Achieve zen at Kintaro Ramen, near the campus of UTA. Courtesy

I heard about Kintaro Ramen and asked to review it this past winter, before the restaurant industry and much else went to hell. The Arlington ramen shop persevered and went on with its March opening, coronavirus be damned, so I have to say that I sampled the food under less than optimal conditions, even though the eatery helpfully included reheating instructions with my takeout order. Having done so, I think that once UTA reopens its doors to students, this shop nearby will be a prime place to grab lunch between classes.

Unlike its compatriots sushi and tempura, ramen never made the leap to haute cuisine and has remained a quick and hearty working lunch to be consumed before returning to the office. In that spirit, the interior of Kintaro Ramen is nice but functional, with tables and a bar of blond wood for people to sit at while they have their noodles. It’s the kind of place that recognizes that the people are here to fuel up and get back on the road or, in this case, to that 1 p.m. physics class.

I ordered the chicken karaage to start. Japan’s local version of chicken nuggets is usually eaten cold in its native environment, but I had one straight from the fryer, and it made other places’ nuggets seem hopelessly unsophisticated. The rice flour coating made the pieces delicately crispy, and the thigh meat was succulent and flavorful. I saved up one morsel in my to-go box to eat after a night in the fridge, and it scarcely lost any of its flavor as a snack. It wouldn’t be the worst idea for Kintaro to imitate Japanese gas stations and keep small containers of these nuggets in a refrigerator case for busy students, professors, and administrators to take out.

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The karaage came with a yuzu mayonnaise dip seasoned with togarashi (red pepper powder with black sesame seeds). The dark meat didn’t really need that, but I found it useful for dipping the breast meat that came on top of my torikotsu chintan (chicken ramen). The kitchen did some sort of wizardry that gave the chicken soup the silkiness and richness of the traditional pork broth. I suspect it had something to do with the copious amount of sesame seeds in the bowl. Along with the usual toothsome noodles, the ramen came with the welcome crunch and bitterness of oshitashi (Japanese spinach, standing in for the customary bok choy) and a soy-aged 6-minute boiled egg with a perfectly runny yolk. However, I found the show stolen by the dashi-marinated bamboo shoots, cut more finely than I’ve ever seen, soaking up the flavor of the soup while lending it a caramelized flavor. Bamboo isn’t known for bringing excitement to a dish, but that’s what this brings, and you can even order it by itself as a side dish.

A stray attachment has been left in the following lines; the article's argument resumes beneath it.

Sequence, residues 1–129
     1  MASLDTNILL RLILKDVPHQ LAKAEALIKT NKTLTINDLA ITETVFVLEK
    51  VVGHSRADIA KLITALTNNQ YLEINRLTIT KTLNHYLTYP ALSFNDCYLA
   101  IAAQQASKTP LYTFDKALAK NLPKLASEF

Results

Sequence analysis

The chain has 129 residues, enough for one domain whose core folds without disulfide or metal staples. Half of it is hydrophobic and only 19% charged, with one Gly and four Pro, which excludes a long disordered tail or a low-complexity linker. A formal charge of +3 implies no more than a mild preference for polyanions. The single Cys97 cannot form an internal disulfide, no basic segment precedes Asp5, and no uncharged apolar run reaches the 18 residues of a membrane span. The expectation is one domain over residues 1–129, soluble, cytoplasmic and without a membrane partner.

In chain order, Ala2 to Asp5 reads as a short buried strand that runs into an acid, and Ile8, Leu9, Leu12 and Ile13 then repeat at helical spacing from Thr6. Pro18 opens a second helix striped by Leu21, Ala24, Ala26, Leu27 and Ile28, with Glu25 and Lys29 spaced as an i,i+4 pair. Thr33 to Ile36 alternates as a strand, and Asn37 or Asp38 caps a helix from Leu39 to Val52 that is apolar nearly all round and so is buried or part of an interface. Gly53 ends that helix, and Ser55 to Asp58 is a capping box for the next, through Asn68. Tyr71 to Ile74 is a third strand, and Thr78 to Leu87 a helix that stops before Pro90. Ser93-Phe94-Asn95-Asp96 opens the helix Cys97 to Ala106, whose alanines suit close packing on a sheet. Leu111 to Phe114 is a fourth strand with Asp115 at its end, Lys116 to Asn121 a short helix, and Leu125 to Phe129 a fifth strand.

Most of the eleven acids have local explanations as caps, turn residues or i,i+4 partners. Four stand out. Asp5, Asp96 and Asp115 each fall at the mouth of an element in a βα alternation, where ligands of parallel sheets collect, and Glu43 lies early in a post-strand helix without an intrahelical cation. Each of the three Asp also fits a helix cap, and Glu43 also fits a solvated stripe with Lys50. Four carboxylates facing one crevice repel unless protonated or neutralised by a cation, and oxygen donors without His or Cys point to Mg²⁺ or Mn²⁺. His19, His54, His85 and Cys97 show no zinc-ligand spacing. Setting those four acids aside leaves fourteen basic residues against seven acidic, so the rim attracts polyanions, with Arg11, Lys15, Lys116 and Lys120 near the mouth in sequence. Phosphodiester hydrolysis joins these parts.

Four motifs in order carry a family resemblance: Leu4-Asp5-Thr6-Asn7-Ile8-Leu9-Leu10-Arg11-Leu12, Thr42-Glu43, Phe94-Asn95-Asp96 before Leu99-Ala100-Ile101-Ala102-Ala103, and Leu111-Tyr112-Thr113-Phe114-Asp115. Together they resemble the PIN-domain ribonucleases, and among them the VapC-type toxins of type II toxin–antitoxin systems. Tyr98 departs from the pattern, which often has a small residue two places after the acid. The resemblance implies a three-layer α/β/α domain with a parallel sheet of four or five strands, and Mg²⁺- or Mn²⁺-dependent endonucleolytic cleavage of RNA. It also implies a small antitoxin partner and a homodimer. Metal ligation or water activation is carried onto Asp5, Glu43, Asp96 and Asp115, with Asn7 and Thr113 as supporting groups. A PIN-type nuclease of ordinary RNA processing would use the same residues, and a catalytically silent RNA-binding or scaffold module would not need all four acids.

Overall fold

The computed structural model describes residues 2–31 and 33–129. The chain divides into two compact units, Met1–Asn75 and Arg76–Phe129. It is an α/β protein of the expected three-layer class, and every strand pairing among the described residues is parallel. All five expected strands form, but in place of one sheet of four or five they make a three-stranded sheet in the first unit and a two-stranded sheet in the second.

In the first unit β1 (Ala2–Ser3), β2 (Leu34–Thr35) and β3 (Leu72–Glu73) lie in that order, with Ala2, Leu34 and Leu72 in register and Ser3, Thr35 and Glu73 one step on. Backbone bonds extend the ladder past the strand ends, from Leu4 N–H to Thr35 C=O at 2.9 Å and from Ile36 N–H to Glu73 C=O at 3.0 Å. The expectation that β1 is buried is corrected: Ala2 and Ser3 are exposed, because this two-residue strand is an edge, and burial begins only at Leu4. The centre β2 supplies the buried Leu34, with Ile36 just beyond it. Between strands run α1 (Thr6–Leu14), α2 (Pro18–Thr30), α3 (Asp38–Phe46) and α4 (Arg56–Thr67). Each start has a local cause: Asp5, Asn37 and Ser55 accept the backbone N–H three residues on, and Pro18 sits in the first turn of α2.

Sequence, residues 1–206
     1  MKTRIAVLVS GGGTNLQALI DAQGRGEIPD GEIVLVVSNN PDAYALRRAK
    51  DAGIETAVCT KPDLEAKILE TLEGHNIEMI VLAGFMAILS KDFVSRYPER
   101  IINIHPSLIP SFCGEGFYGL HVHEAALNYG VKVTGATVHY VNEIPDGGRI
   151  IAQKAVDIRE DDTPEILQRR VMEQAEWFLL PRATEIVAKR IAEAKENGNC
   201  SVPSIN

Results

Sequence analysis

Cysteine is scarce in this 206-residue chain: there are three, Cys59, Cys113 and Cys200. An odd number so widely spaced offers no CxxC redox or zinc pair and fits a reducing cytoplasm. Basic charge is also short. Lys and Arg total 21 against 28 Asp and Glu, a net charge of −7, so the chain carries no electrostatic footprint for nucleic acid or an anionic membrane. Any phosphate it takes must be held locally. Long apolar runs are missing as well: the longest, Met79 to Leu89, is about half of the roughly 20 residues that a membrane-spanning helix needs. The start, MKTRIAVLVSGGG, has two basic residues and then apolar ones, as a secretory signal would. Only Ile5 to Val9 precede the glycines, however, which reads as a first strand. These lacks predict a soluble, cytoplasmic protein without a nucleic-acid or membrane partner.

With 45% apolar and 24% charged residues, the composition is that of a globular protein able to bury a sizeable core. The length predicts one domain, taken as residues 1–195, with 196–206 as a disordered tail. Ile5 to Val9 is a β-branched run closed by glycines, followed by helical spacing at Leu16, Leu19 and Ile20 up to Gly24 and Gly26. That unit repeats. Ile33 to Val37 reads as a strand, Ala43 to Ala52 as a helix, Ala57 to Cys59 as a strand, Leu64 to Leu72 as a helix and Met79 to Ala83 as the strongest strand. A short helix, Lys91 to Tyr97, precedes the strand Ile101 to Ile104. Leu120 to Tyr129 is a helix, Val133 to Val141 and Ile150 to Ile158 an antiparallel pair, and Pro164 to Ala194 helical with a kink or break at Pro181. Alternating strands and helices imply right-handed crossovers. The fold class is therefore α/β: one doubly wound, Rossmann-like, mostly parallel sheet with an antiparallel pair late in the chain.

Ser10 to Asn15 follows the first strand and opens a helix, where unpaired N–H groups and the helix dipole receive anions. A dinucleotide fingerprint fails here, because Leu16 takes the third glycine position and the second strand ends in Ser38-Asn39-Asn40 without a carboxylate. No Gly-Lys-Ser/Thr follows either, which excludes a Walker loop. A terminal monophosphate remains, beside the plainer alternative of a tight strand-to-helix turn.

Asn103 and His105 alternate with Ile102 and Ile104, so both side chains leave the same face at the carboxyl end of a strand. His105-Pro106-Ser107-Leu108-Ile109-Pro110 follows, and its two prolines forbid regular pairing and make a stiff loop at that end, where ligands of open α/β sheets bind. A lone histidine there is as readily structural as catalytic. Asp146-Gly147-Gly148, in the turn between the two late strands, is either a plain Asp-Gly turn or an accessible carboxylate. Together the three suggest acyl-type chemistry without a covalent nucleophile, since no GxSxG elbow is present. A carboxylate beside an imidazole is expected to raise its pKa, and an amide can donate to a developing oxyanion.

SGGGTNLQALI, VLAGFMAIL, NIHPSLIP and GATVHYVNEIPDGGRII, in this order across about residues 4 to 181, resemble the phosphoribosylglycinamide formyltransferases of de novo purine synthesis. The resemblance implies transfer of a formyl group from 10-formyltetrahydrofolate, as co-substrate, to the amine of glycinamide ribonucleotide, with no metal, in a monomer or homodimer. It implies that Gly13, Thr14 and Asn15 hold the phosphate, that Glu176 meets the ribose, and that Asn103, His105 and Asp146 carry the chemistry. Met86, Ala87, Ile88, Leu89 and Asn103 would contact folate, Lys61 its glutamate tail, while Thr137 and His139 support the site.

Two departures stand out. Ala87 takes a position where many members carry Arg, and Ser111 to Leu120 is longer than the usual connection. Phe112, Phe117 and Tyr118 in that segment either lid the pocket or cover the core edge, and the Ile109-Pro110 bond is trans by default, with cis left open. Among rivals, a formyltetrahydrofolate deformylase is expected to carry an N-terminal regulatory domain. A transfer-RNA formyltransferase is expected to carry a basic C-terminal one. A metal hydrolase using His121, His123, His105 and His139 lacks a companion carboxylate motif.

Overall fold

Kintaro Ramen

Chicken karaage     $6

Torikotsu chintan     $11

Ebi furai     $15

The restaurant’s one non-noodle entree is the ebi furai, which are black tiger shrimp, large and elongated crustaceans with a more saline flavor profile than their fellow shrimp. These were fried up in a feathery panko crust and served with cabbage slaw, two dipping sauces, and razor-thin pickles marinated in sake, vinegar, and sugar. I found the slaw to go better with the creamy mustard dressing, while the shrimp worked well with the thick soy vinaigrette brightened with a pop of yuzu.

Kintaro offers no dessert, and while you could go to the ice cream shop next door, I chose from one of four sake options instead. My bottle of Mio sparkling sake turned out to be like an alcoholic version of Sprite. Purists will probably blanch at this description, but I prefer my sake sweet and found it an altogether pleasant after-dinner imbibe. The bottle comes with individual chilled sake glasses, so even though it’s a single serving, it’s eminently sharable.

My return meal at Kintaro was my first proper restaurant dinner since the lockdown, and I suspect I would have been happy if they’d served me a deep-fried block of wood. I thought about why we go to restaurants: It’s not just about the food. It’s about being freed from the tedium of kitchen prep and the sight of your own dinner table, not to mention the feeling that you’re important enough for someone to wait on. This is what many of us were missing without our restaurants. My server was wearing a face mask and latex gloves, yet as I waited for my food and let my mind wander and took in the fresh air at the one outside table, I felt for just a moment like everything was right with our messed-up world again. How do you put a price on that? 

Kintaro Ramen

101 E Abram St, Arlington, 817-538-5344. 11am-10pm Sun-Wed, 11am-midnight Fri-Sat. All major credit cards accepted.